Most large-scale databases
use the Structured Query Language (SQL)
to facilitate user and administrator interactions. This language offers a flexible interface for databases of all shapes and sizes.
You might not see it, but SQL’s always there!
The first important point to make is that [em]all[/em] database transactions are made in SQL, whether you realize it or not. Nowadays, there are a large number of graphical user interfaces (GUIs) that simplify database administration tasks. If you're a SQL Server
user, you may be familiar with tools like Enterprise Manager.
users may use any of a number of front ends. There are also quite a few third-party applications that interact with different databases (in fact, many of these can work with multiple database platforms simultaneously.) Did you ever wonder how these applications work? That’s right! They use SQL! The front-end translates your mouse clicks and text entries into SQL and then “speaks” to the database in the universal language of SQL.
Flavors of SQL
SQL comes in many flavors. Oracle
databases utilize their proprietary PL/SQL. Microsoft SQL Server makes use of Transact-SQL. However, all of these variations are based upon the industry standard ANSI SQL. In our tutorial series, we'll stick to ANSI-compliant SQL commands that will work on any modern relational database system.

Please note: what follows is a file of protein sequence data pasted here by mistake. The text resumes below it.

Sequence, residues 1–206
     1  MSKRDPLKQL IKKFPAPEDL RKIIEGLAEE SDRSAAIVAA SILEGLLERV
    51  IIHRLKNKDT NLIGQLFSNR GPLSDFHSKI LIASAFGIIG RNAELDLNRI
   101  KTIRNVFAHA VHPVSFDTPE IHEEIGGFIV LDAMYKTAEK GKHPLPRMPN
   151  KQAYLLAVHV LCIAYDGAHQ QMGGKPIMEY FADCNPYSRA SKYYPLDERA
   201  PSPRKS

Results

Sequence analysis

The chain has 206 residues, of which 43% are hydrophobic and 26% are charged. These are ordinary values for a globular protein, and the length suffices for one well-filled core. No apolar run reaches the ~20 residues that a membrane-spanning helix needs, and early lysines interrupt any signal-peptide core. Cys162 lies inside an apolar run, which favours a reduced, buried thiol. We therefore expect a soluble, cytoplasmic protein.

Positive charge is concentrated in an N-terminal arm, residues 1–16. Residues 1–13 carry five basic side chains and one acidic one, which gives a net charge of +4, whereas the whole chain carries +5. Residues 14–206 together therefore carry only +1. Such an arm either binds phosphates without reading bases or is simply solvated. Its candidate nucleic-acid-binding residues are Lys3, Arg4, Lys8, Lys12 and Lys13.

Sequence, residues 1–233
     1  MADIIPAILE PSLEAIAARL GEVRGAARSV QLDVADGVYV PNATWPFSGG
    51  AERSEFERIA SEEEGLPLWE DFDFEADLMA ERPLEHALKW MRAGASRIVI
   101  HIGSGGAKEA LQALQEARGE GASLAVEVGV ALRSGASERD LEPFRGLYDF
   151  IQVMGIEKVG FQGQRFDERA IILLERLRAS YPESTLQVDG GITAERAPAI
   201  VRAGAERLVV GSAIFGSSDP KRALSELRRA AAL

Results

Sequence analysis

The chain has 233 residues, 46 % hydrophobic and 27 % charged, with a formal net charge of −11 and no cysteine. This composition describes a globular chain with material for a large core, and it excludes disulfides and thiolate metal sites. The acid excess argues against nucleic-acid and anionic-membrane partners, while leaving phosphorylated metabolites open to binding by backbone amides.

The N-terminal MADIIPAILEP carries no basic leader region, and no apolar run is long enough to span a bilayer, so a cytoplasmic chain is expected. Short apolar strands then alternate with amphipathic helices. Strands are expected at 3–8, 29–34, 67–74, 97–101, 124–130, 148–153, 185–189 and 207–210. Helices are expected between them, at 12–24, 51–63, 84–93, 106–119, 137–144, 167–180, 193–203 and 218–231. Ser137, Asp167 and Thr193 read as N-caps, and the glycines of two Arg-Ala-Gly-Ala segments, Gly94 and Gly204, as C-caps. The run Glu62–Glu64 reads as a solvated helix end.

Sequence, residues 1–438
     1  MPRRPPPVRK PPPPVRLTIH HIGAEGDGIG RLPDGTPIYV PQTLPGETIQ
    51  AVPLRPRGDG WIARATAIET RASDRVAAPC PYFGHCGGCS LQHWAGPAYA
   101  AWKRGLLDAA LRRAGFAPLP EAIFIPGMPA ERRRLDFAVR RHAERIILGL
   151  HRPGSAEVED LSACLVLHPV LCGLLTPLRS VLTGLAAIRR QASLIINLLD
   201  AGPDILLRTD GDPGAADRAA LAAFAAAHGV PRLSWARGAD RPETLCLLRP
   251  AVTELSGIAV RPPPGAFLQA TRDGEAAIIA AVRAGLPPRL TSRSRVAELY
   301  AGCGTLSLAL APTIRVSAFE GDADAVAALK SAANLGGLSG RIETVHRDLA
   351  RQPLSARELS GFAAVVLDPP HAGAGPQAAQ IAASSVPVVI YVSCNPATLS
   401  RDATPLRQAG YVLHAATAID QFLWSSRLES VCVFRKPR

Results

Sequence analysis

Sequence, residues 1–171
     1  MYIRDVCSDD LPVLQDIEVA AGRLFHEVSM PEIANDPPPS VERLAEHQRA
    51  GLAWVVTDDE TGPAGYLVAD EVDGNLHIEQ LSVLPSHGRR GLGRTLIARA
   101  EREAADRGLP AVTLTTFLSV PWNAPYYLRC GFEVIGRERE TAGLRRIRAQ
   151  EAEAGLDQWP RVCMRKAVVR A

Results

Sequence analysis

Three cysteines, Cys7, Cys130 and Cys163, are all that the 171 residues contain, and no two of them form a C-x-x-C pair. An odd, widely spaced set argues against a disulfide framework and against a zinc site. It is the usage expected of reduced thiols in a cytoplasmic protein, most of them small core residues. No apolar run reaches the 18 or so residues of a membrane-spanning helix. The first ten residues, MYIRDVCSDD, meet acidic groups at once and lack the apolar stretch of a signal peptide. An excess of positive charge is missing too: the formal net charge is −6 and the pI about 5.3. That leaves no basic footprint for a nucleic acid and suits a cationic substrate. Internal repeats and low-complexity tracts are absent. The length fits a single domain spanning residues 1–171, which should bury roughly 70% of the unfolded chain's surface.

DDL and DML
SQL commands can be divided into two main sublanguages. The Data Definition Language (DDL)
contains the commands used to create and destroy databases and database objects. After the database structure is defined with DDL, database administrators and users can use the Data Manipulation Language
to insert, retrieve and modify the data contained within it.
Is SQL Knowledge Required?
Do you need to know SQL? Not necessarily. If you’re comfortable using the graphical front end tools, they might be more than sufficient to meet your needs. However, most serious database administrators and developers rely upon custom-written SQL code to ensure that their transactions meet user requirements in the most efficient manner possible. In any event, you should at least have a passing familiarity with this important language that forms the bedrock of relational databases.
If you're ready to dive in and learn more about SQL, keep browsing this site. I suggest starting with the SQL Fundamentals
article. You also may wish to take our free Learning SQL e-course